Consider what happened this week when Paul asked Fauci about U.S. government direct and indirect grants (via third party Eco-Health Alliance) to the Wuhan Institute of Virology. Since the Wuhan lab may have been where the virus escaped from, taxpayer funding of the lab is an important question. Yet, Fauci flatly denied funding any Chinese “gain-of-function research” — a risky and controversial approach that involves making pathogens more infectious and deadly. But Fauci also admitted he funded “gain-of-function research” in the United States. He also admitted he couldn’t account for how the Chinese used U.S. taxpayer dollars.
If Fauci doesn’t know how the WIV spent U.S. money, he cannot categorically deny that this money was used to fund risky research.
We can draw a lot of conclusions from the way the totalitarian Chinese regime has blocked and interfered with investigations into the origins of this pandemic. That is precisely how the guilty behave. Likewise, Fauci’s answers to Paul give rational people good reason to question his credibility. If Fauci wants to be taken seriously as a doctor and scientist, he should act like a doctor and scientist rather than a politically motivated bureaucrat.
The number of new COVID infections is declining rapidly, suggesting to some that the novel coronavirus pandemic may be on the verge of ending. Nevertheless, even with the advent vaccines that apparently prevent its transmission from person to person, most Americans believe the protective measures adopted over the last year like mandatory masking will continue for some time.
A recent Rasmussen Reports poll found that nearly three out of every four Americans over the age of 18 expect the requirement that masks be worn outdoors will remain in place for at least another six months. Almost a third – 36 percent – said it would be more than 18 months before it would be acceptable to be barefaced in public once again.
“It’s an indictment of the media that so many people expect mask mandates to persist for months,” said the Committee for Prosperity’s Phil Kerpen who has for months been crunching the numbers related to the pandemic and its spread.
Kerpen and his group produce a free daily hotline that provides short and timely insider updates on what is happening with the economy and the virus. It was one of the first to notice that New York’s Democratic Gov. Andrew Cuomo seemed to be fudging the numbers connected to COVID-19 in nursing homes, a story most news outlets missed.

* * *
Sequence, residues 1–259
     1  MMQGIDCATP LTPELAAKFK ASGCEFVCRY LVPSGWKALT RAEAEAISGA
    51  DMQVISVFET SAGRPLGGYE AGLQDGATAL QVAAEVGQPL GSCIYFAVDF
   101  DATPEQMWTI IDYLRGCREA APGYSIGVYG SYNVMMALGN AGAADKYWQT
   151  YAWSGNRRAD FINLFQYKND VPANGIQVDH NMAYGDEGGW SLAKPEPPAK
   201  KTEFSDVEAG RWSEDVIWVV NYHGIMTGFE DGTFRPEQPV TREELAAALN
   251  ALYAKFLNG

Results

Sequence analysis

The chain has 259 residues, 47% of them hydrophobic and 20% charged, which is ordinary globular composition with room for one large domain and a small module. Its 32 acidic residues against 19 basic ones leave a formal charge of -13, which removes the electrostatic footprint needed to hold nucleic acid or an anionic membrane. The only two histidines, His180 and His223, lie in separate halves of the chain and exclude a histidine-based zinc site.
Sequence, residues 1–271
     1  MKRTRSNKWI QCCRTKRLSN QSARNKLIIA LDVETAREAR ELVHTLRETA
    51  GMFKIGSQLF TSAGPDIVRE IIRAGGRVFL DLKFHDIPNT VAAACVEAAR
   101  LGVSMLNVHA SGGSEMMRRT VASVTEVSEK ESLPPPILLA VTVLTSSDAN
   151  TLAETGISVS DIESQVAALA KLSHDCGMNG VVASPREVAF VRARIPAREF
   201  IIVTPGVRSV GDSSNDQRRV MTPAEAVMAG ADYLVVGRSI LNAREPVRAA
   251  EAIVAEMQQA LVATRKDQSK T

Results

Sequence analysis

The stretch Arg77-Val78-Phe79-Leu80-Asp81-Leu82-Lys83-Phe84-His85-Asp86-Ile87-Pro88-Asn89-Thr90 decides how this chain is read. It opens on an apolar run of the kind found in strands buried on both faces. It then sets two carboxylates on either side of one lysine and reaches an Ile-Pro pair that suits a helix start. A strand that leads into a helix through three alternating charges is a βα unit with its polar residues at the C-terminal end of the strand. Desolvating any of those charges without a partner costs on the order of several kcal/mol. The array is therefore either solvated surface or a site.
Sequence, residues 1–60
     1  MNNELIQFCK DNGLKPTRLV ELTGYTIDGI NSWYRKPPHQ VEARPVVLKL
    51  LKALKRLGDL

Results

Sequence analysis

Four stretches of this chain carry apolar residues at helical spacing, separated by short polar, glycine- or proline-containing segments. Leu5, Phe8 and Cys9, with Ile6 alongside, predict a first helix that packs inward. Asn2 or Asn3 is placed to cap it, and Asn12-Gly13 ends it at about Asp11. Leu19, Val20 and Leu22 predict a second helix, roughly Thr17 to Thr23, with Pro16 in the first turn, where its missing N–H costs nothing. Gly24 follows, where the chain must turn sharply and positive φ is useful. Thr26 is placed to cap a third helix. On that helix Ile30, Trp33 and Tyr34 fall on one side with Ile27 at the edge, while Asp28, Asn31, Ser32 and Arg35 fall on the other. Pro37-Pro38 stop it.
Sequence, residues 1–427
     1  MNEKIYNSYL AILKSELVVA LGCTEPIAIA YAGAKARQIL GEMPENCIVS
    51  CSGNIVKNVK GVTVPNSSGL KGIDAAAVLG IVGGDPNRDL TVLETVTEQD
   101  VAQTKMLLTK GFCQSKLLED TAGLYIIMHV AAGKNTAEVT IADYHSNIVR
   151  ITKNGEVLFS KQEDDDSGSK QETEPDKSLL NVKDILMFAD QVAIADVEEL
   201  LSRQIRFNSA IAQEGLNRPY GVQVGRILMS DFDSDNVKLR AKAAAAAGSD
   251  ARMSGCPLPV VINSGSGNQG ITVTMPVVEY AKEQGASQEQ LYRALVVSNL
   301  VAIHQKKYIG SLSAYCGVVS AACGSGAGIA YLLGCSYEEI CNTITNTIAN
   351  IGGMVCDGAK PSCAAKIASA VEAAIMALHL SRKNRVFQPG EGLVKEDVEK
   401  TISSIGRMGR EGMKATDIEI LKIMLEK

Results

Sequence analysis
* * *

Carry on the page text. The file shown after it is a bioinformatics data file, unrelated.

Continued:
With Vice President Kamala Harris and others inside the Biden Administration claiming, falsely, that they’ve had to begin the fight against the coronavirus “from scratch,” the recent acknowledgment by Dr. Rochelle Walensky, the director of the U.S. Centers for Disease Control and Prevention that the number of new cases and hospitalizations are indeed coming down.
“We continue to see a five-week decline in COVID cases, with cases decreasing 69 percent in the seven-day average since hitting a peak on January 11th. The current seven-day average of approximately 77,000 cases is the lowest recorded since the end of October,” Dr. Walensky said during a White House briefing Friday.
“Like new COVID-19 cases, the number of new hospital admissions continues to drop. The seven-day average of new admissions on February 16th, approximately 7,200, represents a 56 percent decline since the January 9th peak,” the doctor continued.
The problem remains what to do until what many medicos refer to as “herd immunity” is reached. Some, like Biden COVID advisor Dr. Anthony Fauci, have suggested it may be prudent to double up on masks while the CDC’s latest recommendation is “placing a sleeve made of sheer nylon hosiery material around the neck and pulling it up over either a cloth or medical procedure mask.” Others, like Kerpen, suggest the best possible thing would be for states to open up and for people to be allowed to go about their business once again, and for children to be permitted to return to school on a five-day-per-week schedule.
“More governors need to exercise the leadership of Florida’s Ron DeSantis, the Dakota’s Kristi Noem and Doug Burgum, and Kim Reynolds of Iowa and proclaim a return to normal now – now, forever, months in the future,” Kerpen said.
His suggested approach appears to be the wise one. Recent comparisons of the spread of COVID-19 in Florida and California show little difference in how things have turned out. This would seem to deflate the dire predictions Gov. DeSantis’s decision to re-open the economy in the nation’s third most populous state would push the number of infections and death off the charts.
None of that seems to have happened. What is different is that Florida’s been open for business for some time while California’s economy, which for months has been in a lockdown state, is floundering badly. The performance of the two economies, which are about as different at this point as night and day, are worth further study. There may be valuable clues regarding the best ways to fight a pandemic hidden in the data, waiting to be unmasked.